Here is a quick "Cat - Cow" flow to try!
Start on all fours with a neutral spine. As you inhale, drop your belly towards the earth, lift your chin to the sky and gaze slightly up. Squeeze your shoulder blades behind you and lift your tailbone to the sky. This is "Cow" pose. As you exhale, tuck your belly button into your spine, and create a "C" curve with your back. Feel space open up in your armpits, and press firmly into the palms of your hands. This is "Cat" pose. Flow through this as many times as you like, with every inhale moving into Cow pose and every exhale tucking into Cat pose. I love doing this in the morning when I first wake up. It feels so good on my pregnant back and hips!
Another yoga pose I LOVE to do during pregnancy and even during labor is "Malasana". This pose really works wonders in creating space in your pelvis for birth, and it also helps to stretch and strengthen your pelvic floor muscles. Begin in a forward fold position, with your feet hip distance or wider (possibly a little wider than your yoga mat, do what feels most natural to you) and your feet pointed slightly outward into an external rotation that feels good to you. On an inhale, drop your hips low into a squatting position, press your palms together at heart center, and allow your elbows to press into your inner thighs, deepening the stretch. You can hold this for several breaths, or however long it feels good to you. Try to engage your pelvic floor muscles while you are in this pose, and slow your breath. For more support, place a cushion or pillow under your bottom and rest your tailbone on the supportive cushion, taking the work out of your legs. This can also be a great "opening" position while you are in labor. Try to make your way into this position during a contraction if it feels good to you, and stay however long your body tells you to stay. This can help open up your pelvis, and even encourage your cervix to dilate quicker.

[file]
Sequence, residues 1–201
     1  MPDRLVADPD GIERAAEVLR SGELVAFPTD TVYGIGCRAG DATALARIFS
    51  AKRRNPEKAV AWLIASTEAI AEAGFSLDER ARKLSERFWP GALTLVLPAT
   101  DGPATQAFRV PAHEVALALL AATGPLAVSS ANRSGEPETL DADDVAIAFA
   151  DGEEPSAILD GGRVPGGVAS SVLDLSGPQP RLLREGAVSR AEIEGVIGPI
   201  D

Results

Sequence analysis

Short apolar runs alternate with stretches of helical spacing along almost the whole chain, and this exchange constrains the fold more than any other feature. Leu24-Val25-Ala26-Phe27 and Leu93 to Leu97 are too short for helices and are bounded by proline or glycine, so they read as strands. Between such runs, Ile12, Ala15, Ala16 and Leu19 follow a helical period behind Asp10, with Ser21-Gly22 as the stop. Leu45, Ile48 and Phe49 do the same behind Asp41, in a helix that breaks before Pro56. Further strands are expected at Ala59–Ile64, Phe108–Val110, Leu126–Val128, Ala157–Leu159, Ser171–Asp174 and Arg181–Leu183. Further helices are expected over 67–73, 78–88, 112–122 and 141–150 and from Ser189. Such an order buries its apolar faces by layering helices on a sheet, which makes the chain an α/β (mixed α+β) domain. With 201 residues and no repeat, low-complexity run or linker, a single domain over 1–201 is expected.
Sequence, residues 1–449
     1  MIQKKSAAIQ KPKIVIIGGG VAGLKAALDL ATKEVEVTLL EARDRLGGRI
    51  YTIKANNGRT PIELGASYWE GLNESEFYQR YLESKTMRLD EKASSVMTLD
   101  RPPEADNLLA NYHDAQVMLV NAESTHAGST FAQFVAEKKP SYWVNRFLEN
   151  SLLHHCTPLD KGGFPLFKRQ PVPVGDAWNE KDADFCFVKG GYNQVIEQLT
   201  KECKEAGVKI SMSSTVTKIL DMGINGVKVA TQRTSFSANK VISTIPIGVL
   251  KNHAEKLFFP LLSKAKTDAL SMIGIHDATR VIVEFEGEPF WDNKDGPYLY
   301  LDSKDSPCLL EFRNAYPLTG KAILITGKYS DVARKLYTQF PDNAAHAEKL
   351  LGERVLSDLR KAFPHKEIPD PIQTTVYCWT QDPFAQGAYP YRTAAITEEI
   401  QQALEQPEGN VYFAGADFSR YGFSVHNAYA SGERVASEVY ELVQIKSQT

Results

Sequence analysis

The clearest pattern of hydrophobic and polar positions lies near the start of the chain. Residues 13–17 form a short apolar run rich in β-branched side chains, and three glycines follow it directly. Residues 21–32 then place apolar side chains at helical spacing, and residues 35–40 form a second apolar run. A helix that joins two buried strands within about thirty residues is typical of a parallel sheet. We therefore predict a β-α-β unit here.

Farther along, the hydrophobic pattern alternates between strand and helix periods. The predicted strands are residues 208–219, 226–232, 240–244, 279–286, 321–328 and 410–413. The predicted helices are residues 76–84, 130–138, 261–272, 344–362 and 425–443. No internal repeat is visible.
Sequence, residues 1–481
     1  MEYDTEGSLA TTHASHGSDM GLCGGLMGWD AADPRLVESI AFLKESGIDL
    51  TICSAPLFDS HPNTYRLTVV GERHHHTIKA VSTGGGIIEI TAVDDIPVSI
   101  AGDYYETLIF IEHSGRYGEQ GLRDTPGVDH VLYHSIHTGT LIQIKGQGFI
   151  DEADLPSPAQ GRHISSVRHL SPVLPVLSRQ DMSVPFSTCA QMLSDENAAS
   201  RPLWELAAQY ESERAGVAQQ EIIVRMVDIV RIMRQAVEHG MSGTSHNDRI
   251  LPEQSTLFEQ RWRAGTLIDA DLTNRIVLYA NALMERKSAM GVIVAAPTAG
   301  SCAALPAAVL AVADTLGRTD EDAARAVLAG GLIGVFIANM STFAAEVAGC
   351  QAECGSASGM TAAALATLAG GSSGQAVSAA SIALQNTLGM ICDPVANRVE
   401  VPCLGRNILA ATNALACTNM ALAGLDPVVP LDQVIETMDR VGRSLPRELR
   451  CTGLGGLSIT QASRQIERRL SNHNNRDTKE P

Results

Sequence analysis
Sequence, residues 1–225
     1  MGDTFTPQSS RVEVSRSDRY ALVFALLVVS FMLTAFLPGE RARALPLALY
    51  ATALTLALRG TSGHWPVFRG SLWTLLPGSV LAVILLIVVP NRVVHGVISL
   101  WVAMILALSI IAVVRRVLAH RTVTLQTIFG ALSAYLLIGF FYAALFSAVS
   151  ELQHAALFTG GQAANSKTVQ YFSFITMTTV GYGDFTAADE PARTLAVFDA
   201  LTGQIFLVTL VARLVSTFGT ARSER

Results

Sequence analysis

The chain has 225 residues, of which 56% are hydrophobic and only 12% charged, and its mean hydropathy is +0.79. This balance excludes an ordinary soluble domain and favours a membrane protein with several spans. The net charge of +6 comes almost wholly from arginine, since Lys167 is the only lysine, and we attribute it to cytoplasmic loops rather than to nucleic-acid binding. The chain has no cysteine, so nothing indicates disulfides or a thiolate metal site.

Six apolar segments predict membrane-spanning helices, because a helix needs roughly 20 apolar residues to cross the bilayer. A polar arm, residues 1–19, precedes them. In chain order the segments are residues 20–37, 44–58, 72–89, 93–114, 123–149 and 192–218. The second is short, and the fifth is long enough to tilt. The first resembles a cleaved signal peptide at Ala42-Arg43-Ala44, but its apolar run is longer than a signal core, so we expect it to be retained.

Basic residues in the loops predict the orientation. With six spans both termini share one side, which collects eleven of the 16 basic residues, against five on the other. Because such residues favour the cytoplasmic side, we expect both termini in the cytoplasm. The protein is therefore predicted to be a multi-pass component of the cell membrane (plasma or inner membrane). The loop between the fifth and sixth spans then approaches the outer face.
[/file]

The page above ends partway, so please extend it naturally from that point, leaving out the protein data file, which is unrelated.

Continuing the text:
SLEEP ON YOUR SIDE WITH A PILLOW BETWEEN YOUR LEGS - This is kind of the position we are forced to sleep in anyway during pregnancy, but a thick pillow or pregnancy pillow placed between your legs all the way to your feet can help SO much! This will help to keep your pelvis properly aligned and stable, and it's also more comfortable. During my first pregnancy I kind of resisted the pillow, because it was so big in our bed! But I have noticed that with my second pregnancy, I NEED the pillow! My hips have been FEELING this pregnancy... some days I feel like my body feels old and frail, and my waddle is no joke! The pillow support and a good yoga practice are what make all the difference for me.
USE SPINNING BABIES AS A RESOURCE - Go to www.spinningbabies.com for a lot more tips for turning a breech baby and promoting optimal positions for your baby throughout pregnancy and labor. They are an amazing resource and there is so much information to share.
I hope you have found this helpful mamas! This is just something we don't talk about much during our pregnancies, and I think it is absolutely worth sharing. I'm so thankful someone shared it with me.
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So much love mamas,